Hey, you guys. This is Tori and Jenni with the 90210MG podcast. We have such a special episode brought to you by NerdTek ODT. We recorded it at iHeartRadio's 10th Poll Event, Wango Tango. Did you know that NerdTek ODT Remigipant 75mg can help migraine sufferers still attend such an exciting event like Wango Tango? It's true! I had one that night, and I took my NerdTek ODT, and I was present and had an amazing time.
Here's a little glimpse of our conversation with some of our closest friends. This episode was brought to you by NerdTek ODT Remigipant 75mg. Life with migraine attacks can mean missing out on big moments with friends and family.
But thankfully, NerdTek ODT Remigipant 75mg is the only medication that is proven to treat a migraine attack and prevent episodic migraines in adults. So, lively events like Wango Tango don't have to be missed. Soon millions will make Medicare coverage decisions for next year. And UnitedHealthcare can help you feel confident about your choices. For those eligible, Medicare Annual Enrollment runs from October 15th through December 7th. If you're working past age 65, you might be able to delay Medicare enrollment depending on your employer coverage.
It can seem confusing, but it doesn't have to be. Visit uhcmedicarehealthplans.com to learn more. UnitedHealthcare.
Helping people live healthier lives. I know everything there is to know about running a coffee shop. But for small business insurance, I need my State Farm agent. They make sure my business stays piping hot.
And I stay cool and confident. See, they're small business owners too, so they know how to help you best. State Farm is in your corner. And on it. Like a good neighbor? State Farm is there.
Call your local State Farm agent for a quote today. And we return to our American stories. Now, it's time for another Rule of Law story as a part of our Rule of Law series where we show what happens when there's either an absence or presence of the rule of law in our lives. Here's a story about a landmark case on economic freedom in the state of Texas. My name is Wesley Hodet. I'm a senior attorney with the Institute for Justice. I've worked at IJ since I graduated from law school in 2008. And my first job was at IJ's then new Texas office in Austin. I was working there a little bit late one night.
I think it was around 6.30. And a couple of guys came into the office after everyone else had left. I didn't know them, but I went out to the front and introduced myself.
They were Ash Patel and Anverali Satani to business owners who said that they had a problem with the state and they wanted to know if I would agree to talk to them about it. From there, I learned that their business was being threatened with being shut down because they employed eyebrow threaders. These are typically South Asian women who use a beauty technique involving nothing but a single strand of cotton thread. They put tension on that, form a kind of lasso, and it allows you to precisely remove hair around the eyebrows for beautification. And when Ash and Anver had set up their business, they told me they looked at Texas' cosmetology laws and saw nothing specifically about threading.
They plowed ahead like all good entrepreneurs do without asking permission. And it turned out that the Texas Department of Licensing and Regulation had, after the fact, decided that they thought threading was cosmetology. It followed that everyone that worked for Ash and Anver needed a cosmetology license.
None of them had one. And as we later discovered, the cosmetology schools weren't teaching threading or testing anyone. They were going to go learn other people's cosmetology techniques. They were going to go learn other people's jobs just to qualify to continue doing their jobs. And you're talking about women that had been doing this professionally for 30 years, discovering at the age of 40 that the state expected them to go back to school.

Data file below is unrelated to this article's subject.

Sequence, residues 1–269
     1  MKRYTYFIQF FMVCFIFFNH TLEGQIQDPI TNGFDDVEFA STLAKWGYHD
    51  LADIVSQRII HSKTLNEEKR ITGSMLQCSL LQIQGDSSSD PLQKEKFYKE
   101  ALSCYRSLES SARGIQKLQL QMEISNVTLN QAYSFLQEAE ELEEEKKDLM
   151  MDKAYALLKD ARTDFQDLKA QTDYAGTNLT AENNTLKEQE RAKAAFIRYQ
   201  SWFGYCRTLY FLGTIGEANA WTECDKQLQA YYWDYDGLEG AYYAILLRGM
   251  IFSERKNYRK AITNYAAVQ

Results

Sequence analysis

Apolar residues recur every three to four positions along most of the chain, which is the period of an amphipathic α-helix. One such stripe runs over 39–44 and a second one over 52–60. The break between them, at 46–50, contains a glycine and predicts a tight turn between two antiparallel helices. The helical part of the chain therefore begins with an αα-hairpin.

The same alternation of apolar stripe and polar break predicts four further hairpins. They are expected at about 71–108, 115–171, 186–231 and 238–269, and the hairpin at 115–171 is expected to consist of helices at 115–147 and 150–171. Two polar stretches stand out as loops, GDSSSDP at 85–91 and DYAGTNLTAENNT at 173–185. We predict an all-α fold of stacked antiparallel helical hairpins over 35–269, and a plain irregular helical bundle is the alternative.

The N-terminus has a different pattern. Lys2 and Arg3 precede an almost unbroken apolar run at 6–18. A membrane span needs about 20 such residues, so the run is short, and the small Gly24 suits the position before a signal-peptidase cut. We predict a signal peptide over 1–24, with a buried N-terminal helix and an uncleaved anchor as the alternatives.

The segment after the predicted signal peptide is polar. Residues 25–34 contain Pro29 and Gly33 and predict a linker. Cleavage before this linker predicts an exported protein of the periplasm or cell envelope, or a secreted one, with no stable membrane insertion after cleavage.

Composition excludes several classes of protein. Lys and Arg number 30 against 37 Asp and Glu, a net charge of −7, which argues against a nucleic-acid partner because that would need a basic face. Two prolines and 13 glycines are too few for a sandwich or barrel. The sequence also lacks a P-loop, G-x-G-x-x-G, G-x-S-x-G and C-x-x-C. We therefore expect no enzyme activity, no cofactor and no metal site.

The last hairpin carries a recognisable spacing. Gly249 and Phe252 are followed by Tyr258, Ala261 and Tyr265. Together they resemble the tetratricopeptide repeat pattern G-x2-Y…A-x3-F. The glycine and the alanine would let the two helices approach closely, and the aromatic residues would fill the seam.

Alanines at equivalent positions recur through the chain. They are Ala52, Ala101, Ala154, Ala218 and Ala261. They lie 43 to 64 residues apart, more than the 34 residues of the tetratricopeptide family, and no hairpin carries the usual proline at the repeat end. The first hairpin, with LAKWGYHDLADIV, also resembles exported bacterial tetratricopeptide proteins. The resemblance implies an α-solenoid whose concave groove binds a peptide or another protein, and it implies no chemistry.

Now, we all understand that that could be impossible for a variety of reasons. We're talking nine months of schooling in a licensed cosmetology school. They're almost always private businesses at a minimum. For some people, it takes two years, depending on what license they're trying to get. You've got to pay that private business quite a bit of money.
You know, it usually ranges from, like, $7,000 to $15,000. You can't work while you're going to this school because, again, you've got to be there full time. You probably will, however, work for the private cosmetology school, which has people come in and pay for cosmetology services, but they keep the money. At the end of all of that, you have to take a couple of exams. There's almost always a practical component where you have to show that you know how to do the basic techniques.
And there's almost always a written component, like a test you would take in school about how bacteria grow, where different styles originated from, what people mean when they say things like a beehive or cornrows. So this is an example of what we call occupational licensing. It's the requirement that before you can do something to pursue a living, even though we all consider that thing to be legal, you need the government's permission. Now, there are a lot of professions that automatically come to mind when we think about occupational licensing, doctors, lawyers, engineers. And indeed, the licensing of those professionals has been around for a long time. But in the 1950s in this country, it was about 5% of the American workforce that required some form of occupational licensing.
Today, it's much closer to 20%. And that has profound social and economic impacts, particularly for people who are on the margins of society and on the margins of where it makes sense to begin licensing people for things. Cosmetology is a good example of this because it's often the first rung of the entrepreneurship ladder, especially for people from other countries who don't have a lot of language skills and a lot of other opportunities. This is perhaps why you see recent Asian immigrants predominating in places like nail salons or why you see recent African immigrants predominating in places like hair-braiding salons. It's because they have a marketable skill that people will pay for.